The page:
The coalition Stop AAPI Hate reports nearly 3800 instances of discrimination against Asians in the past year – including verbal harassment, physical assault, civil rights violations, and online harassment.  It is widely acknowledged that this number reflects only a fraction of the racist incidents Asian-Americans have had to face.

Severe anti-China rhetoric during the COVID-19 pandemic by ex-President Donald J. Trump, combined with a much longer bipartisan legacy of competition and conflict with China, has contributed to the ramping up of anti-Asian attacks.

But this larger context, too, rests on a much longer history in which anti-Asian racism has been constantly available as a way to scapegoat, demonize, and marginalize Asians as and when it suited the interests of U.S. elites. 

Far from being “un-American” – as the well-meaning but incorrect phrase goes – anti-Asian hate has repeatedly served the function of marking us as “un-American” in order to define U.S. citizenship along narrow racial, cultural, and religious lines.

This history has always been about gender, sexuality, and class as well as race – and violence against Asian/Asian American women has to be understood as occurring at these intersections.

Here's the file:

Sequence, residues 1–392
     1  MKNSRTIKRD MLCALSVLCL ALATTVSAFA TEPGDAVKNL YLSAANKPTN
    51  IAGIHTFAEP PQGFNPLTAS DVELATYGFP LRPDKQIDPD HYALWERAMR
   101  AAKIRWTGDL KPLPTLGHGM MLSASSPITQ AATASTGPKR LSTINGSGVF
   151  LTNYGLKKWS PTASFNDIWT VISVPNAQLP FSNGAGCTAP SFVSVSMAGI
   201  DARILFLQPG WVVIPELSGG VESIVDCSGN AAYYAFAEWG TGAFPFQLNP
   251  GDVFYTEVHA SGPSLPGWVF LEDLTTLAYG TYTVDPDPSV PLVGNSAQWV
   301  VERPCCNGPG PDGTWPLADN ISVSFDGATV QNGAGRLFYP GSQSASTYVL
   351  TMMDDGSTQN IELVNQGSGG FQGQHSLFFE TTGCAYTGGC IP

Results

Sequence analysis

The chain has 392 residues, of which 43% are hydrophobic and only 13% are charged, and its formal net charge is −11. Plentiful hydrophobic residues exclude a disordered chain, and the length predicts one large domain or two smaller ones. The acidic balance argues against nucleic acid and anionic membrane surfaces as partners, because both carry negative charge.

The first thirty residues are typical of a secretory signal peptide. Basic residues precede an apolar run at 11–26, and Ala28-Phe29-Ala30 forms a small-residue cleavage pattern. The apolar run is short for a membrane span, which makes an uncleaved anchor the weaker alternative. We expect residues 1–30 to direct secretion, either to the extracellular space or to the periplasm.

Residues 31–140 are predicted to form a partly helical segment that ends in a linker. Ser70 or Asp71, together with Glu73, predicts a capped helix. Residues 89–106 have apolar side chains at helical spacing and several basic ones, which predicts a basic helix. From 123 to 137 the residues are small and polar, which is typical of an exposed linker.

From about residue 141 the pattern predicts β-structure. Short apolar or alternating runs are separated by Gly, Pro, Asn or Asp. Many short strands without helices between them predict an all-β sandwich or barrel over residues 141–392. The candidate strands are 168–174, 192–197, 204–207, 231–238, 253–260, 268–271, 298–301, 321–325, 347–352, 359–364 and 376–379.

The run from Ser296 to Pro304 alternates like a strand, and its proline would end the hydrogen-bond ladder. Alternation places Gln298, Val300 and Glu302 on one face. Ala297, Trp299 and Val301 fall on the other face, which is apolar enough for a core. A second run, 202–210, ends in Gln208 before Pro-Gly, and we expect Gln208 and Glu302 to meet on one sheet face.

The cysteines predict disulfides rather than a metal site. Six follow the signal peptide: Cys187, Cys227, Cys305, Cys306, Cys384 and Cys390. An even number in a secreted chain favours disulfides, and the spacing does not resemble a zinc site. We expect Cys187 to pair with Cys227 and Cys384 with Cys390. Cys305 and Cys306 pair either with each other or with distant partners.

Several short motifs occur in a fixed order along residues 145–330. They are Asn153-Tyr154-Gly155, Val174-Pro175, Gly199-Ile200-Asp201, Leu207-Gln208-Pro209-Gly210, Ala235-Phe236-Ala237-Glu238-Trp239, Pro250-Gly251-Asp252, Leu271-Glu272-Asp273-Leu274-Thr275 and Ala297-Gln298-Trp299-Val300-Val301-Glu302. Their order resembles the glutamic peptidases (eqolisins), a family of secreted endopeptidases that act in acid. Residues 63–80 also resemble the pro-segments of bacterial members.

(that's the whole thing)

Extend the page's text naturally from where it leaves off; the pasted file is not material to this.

The Atlanta killer’s reported statements, full of racist misogyny, reflect views of Asian women that have long been prevalent in our society.   As the Circle for Asian American Literary Studies puts it in their statement, “Asian and Asian American women are routinely dehumanized, sexualized, and depicted as subservient objects of male violence in literature, popular culture, and public discourse.” 

Selecting events from a long and complex history risks simplification. 

And yet our collective knowledge of basic facts of historic violence against Asian/Asian American/APIDA persons is so little that it seems important to offer examples. 

Please remember that within each of these examples, race, gender, sexuality, class and other aspects of social identity are intertwined, whether visible or not.


  • the deportation of 33 refugees back to Vietnam earlier this week, an example of the ongoing rounding up of Asian working class and refugee communities as part of a broader attack on undocumented immigrants;
  • the regular demonization, incarceration, and deportation of Arab, South Asian, and other Muslims since 9/11;
  • the shooting of Indian American Srinivas Kuchibhotla by a vigilante (KS, 2017);
  • the massacre of Sikh worshippers at a gurdwara (WI, 2012);
  • the murder of Balbir Singh Sodhi after 9/11 (AZ, 2001);
  • the murder of Filipino-American postal worker Joseph Ileto by a white supremacist (CA, 1999);